May 8, 2014

Give Your SMART Goals Meaning

Companies naturally gravitate towards numeric goals:

  • $50 million in 5 years
  • 30% marketshare in 10 years
  • 25% growth year-over-year

They have well defined targets, but their goals lack meaning. Where is the aspirational quality of “$50 million in 5”? What does being a $50 million company mean for your customers? Why should anyone care?

Effective goals are not only specific, they are aspirational.

SMART Goals

SMART is a mnemonic device for creating effective goals. Good business goals are:

Specific: They focus on a specific area of your organization and business.
Measurable: The goal can be measured, and you can quantify progress.
Assignable: You can delegate or assign tasks, roles and responsibilities to accomplish the goal.
Realistic: Your company can realistically achieve the goal with its available resources.
Time-related: There is a clear timeframe for the goal. You have a beginning, middle and end date.

SMART Goals are achievable and actionable, and that’s very powerful. You can rally your team around SMART Goals, and focus their resources on targeted outcomes.

But SMART Goals are lacking an aspirational quality. They are missing the “Why?” ingredient.

Aspirations drive actions

The problem with isolated numeric goals, like “grow to $50 million in 5 years,” is they don’t inform your team on how to act.

Take your big corporate goals, and answer three questions:

  1. What will achieving this milestone mean for your customers?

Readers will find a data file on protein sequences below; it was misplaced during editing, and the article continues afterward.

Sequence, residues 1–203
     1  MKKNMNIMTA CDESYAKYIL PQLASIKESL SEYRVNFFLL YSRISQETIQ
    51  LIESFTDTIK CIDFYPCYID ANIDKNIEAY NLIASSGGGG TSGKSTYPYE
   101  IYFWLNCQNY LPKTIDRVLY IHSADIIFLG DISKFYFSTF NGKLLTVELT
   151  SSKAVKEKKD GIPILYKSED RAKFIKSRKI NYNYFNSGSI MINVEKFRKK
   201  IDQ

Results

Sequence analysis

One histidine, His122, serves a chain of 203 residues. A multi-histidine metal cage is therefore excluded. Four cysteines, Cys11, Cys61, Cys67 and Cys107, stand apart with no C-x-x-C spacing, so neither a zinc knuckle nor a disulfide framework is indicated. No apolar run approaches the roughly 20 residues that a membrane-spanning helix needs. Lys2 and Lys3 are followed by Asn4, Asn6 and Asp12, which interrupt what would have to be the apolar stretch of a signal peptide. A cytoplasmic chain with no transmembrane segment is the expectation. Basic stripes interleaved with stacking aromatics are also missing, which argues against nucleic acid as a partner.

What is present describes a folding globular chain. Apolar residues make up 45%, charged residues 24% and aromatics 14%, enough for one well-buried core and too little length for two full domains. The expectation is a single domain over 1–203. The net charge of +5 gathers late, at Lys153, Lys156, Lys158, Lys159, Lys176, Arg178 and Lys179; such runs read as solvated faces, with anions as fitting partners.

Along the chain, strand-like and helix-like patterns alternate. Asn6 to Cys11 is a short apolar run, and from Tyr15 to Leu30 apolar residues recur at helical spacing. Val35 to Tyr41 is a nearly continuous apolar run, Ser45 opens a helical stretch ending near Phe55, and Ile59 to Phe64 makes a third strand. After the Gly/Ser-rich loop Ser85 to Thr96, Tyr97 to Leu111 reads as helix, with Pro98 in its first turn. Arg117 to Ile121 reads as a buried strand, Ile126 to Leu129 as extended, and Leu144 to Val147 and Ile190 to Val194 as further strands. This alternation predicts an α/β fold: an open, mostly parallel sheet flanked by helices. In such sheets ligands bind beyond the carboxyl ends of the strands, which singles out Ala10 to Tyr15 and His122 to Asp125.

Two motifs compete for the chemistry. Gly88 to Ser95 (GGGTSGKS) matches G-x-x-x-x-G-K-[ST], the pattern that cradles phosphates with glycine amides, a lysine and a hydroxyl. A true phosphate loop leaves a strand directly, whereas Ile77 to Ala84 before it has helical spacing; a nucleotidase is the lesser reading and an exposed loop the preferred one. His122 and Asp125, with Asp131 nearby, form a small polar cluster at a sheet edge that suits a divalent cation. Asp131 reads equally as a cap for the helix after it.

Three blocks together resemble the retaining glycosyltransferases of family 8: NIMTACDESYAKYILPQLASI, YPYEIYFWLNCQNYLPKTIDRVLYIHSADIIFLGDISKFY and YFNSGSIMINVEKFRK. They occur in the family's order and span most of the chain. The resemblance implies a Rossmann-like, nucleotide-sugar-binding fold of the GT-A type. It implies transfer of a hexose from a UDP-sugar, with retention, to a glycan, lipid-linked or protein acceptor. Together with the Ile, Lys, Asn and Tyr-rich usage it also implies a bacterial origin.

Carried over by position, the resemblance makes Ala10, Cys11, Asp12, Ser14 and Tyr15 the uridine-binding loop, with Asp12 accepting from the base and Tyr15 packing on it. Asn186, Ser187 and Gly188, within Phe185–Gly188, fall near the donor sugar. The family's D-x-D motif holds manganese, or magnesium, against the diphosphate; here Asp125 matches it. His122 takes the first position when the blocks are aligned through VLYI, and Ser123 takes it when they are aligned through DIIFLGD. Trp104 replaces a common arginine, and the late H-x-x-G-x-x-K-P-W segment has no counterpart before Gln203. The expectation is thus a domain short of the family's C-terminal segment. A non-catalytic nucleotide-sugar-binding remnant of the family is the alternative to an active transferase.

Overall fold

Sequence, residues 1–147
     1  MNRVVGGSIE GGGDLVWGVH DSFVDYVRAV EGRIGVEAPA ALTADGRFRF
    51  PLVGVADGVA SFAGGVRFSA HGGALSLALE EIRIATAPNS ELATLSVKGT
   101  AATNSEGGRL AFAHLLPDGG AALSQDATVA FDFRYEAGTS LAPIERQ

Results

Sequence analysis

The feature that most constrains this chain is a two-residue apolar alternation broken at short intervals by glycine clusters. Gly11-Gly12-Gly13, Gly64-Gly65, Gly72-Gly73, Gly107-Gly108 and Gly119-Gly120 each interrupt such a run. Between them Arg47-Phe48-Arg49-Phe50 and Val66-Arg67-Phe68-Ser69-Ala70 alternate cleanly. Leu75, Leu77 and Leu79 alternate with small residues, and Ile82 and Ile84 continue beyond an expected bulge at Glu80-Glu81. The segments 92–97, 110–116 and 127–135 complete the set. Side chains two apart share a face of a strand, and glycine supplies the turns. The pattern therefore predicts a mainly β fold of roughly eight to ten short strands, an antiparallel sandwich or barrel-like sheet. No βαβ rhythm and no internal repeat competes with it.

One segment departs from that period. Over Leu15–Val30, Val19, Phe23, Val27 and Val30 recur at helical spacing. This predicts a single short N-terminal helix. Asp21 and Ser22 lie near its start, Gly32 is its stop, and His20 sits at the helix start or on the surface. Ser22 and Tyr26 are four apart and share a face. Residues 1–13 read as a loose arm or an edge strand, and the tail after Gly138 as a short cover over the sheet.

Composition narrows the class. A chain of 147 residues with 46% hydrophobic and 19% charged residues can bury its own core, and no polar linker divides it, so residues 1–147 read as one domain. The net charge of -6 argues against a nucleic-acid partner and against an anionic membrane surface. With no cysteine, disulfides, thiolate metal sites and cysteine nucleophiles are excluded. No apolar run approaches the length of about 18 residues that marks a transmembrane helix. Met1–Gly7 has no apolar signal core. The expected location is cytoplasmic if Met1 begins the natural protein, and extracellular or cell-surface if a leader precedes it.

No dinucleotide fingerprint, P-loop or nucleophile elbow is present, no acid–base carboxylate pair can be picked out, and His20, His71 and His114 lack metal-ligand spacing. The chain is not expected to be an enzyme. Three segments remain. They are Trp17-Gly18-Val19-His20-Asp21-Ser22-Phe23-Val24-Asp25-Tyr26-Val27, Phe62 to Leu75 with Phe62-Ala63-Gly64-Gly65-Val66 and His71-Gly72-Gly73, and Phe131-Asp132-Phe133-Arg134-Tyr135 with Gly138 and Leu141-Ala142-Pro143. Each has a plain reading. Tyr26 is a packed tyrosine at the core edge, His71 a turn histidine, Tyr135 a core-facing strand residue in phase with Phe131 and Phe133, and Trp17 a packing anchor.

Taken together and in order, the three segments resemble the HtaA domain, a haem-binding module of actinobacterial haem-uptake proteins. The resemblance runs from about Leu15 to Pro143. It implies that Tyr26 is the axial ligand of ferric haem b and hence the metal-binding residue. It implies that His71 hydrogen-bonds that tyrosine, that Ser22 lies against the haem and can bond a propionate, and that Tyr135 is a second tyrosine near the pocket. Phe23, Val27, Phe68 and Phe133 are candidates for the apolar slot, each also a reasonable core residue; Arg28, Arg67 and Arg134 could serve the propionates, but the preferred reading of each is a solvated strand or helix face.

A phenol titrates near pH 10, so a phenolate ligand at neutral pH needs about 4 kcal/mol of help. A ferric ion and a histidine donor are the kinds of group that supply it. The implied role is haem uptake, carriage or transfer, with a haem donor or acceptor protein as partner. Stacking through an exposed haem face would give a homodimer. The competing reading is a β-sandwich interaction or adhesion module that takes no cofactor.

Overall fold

2. How will achieving this goal change your industry, and the way business is conducted?
  3. Why is it important for your company to reach this goal?

These are the questions your employees need answers for. The numeric goal may sound great at a company meeting, but its residual impact is limited. The number does not engage your people’s hearts. It does not tell them how to act, or why they should change their behaviors.

Your team needs to understand what it means to achieve the goal. They need to know why their contributions matter.

Add a Y to SMART

There is a missing ingredient in the SMART mnemonic device. It’s missing the “why.”

Create SMARTY Goals for your company. Give your team aspirational goals that not only support your company’s growth, but shape your brand.

The most effective corporate goals combine a numeric target with an aspirational vision. They engage both your team’s hearts and minds, and can propel them to greater and greater heights.

Are your goals SMARTY?

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